Life Reimagined: The Science, Art, and Opportunity of Midlife

When I was in my early 50s, I became quite convinced I was having a midlife crisis. I was an on-air correspondent for National Public Radio — with a partly paralyzed vocal cord that left me without a voice for days or weeks at a time and with chronic pain that dominated my every waking hour. I wondered if my career at NPR had reached its peak as I observed the new opportunities going, understandably, to younger journalists. My stepdaughter was in college, my marriage was stable, but our lives were weighed down with the responsibilities of college tuition and a mortgage, frail parents and high stress jobs. We were too tired to have fun. Then my father died and mother – who was my best friend – suffered a stroke. I saw with sudden clarity that my generation was the next to go.

I had a choice. I could stumble along at the edge of a midlife crisis, or I could reimagine my life. The former was unappealing, the latter fell right in my skill set. My job, as a journalist, is to ask questions and find the answers. The question here was: How do you thrive at midlife? I would tackle this problem like a story on deadline: Call the experts, find the anecdotal stories illustrating the big ideas, and explain how to chart a path to an exceptional midlife.

Happily, the research from psychology, neuroscience, biology, and case studies all points to the same answer. There are concrete steps we can take to make midlife the best time of life. Bring novelty into your marriage, tweak your career to seek meaning rather than mere success, find a new passion, build your friendships — essentially, engage those things that matter with intention and verve. I made my own life a case study, to sometimes comical effect, as my husband and I rented an RV, I began to cycle competitively, and I decided on a completely new trajectory for my career. When I began the research, I was depressed with my station in life. When I finished, I realized I have never been happier. My sincere hope is you come to the same realization. Read an excerpt →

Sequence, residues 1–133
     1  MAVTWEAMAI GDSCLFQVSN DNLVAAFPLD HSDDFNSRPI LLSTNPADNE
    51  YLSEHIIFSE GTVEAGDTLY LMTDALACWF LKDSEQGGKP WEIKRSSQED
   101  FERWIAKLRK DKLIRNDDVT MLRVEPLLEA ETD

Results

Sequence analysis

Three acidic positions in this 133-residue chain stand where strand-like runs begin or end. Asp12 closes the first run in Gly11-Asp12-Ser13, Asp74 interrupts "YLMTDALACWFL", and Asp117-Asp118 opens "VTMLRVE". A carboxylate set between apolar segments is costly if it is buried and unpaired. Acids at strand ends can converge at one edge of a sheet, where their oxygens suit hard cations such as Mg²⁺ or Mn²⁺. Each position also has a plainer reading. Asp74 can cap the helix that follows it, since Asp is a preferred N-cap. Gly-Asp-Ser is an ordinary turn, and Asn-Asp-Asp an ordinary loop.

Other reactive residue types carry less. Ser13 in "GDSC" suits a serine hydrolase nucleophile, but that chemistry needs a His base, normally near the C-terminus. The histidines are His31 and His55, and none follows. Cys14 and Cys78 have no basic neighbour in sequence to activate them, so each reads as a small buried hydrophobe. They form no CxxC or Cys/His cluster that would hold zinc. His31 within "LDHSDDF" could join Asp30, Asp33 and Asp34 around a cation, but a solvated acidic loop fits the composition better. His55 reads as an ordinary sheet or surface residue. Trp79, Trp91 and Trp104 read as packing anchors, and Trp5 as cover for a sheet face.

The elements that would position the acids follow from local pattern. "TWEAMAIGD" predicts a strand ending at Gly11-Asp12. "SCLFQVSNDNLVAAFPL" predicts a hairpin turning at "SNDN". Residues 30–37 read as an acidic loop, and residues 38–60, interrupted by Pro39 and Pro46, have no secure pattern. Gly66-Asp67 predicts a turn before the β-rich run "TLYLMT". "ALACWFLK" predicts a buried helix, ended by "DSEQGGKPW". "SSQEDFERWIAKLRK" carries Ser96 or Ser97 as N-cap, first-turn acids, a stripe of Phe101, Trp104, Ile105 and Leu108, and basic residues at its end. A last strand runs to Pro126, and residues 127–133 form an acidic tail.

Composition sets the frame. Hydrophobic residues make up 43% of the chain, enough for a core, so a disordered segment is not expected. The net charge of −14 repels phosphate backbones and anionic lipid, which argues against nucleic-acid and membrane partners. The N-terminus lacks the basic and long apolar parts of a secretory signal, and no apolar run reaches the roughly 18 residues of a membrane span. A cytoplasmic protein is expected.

Book Jacket for Midlife Horses


About the Author

Melinda Folse is a horse owner who has contributed to “Blueprints “magazine, “Texas Monthly,” and several equine trade publications, and is the coauthor of “Grandmaster.” She lives in Fort Worth, Texas. Clinton Anderson is the author of “Clinton Anderson’s Downunder Horsemanship” and the first horse trainer to launch a made-for-TV weekly training program broadcast on satellite television. He is the owner of a training facility and the winner of both the 2003 and 2005 Road to the Horse competition. He lives in Stephensville, Texas. They are the coauthors of “Clinton”” Anderson’s Lessons Well Learned.”Melinda Folse is a writer based in Fort Worth, Texas, who for the past twenty-something years has considered herself a woman on a mission to write stories that can make a difference. As former senior writer for Clinton Anderson’s Downunder Horsemanship and co-author of his recent bestseller, Lessons Well Learned (Trafalgar Square Books, 2009), she came face-to-face many times (personally and in learning the stories of countless others) with the soul-provoking lessons provided by midlife horsemanship. After a career spent writing the success stories of others, including Grandmaster: A Story of Struggle, Triumph and Taekwondo (about the life of Ninth Degree Taekwondo Grandmaster Won Chik Park), and dozens of America’s top entrepreneurs as Senior Editor and contributing writer of Time Warner’s Millionaire Blueprints Magazine, as well as writing for Cowboys and Indians Magazine, she realized she had a story to tell of her own. Finding herself to be just one among millions of Baby Boomer women who once dreamed of horses and are now recapturing that dream, Melinda let her own struggles do the talking in this tongue-in-cheek account that is a little bit memoir, a little more self-help, a whole lot of practical guidebook, and all heart. This is the book Melinda wishes she had been able to find when she made the bold decision to get back in the saddle at age 45. She lives in Texas with her family that includes two horses who continue to set her straight every single day.
Available from Amazon.